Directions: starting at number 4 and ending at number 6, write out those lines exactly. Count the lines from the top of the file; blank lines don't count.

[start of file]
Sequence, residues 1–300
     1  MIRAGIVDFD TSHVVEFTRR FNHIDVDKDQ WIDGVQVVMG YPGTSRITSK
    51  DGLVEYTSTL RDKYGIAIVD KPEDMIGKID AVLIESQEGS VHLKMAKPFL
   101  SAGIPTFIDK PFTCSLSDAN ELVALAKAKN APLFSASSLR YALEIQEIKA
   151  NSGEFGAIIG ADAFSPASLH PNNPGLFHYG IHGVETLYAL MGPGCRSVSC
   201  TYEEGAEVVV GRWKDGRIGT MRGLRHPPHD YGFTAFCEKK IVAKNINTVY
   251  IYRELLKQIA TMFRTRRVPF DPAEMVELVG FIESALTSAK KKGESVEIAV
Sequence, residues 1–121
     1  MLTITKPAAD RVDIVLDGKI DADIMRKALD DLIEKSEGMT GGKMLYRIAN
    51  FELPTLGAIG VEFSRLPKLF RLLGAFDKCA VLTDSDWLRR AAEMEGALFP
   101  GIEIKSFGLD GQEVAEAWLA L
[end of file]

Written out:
   101  SAGIPTFIDK PFTCSLSDAN ELVALAKAKN APLFSASSLR YALEIQEIKA
   151  NSGEFGAIIG ADAFSPASLH PNNPGLFHYG IHGVETLYAL MGPGCRSVSC
   201  TYEEGAEVVV GRWKDGRIGT MRGLRHPPHD YGFTAFCEKK IVAKNINTVY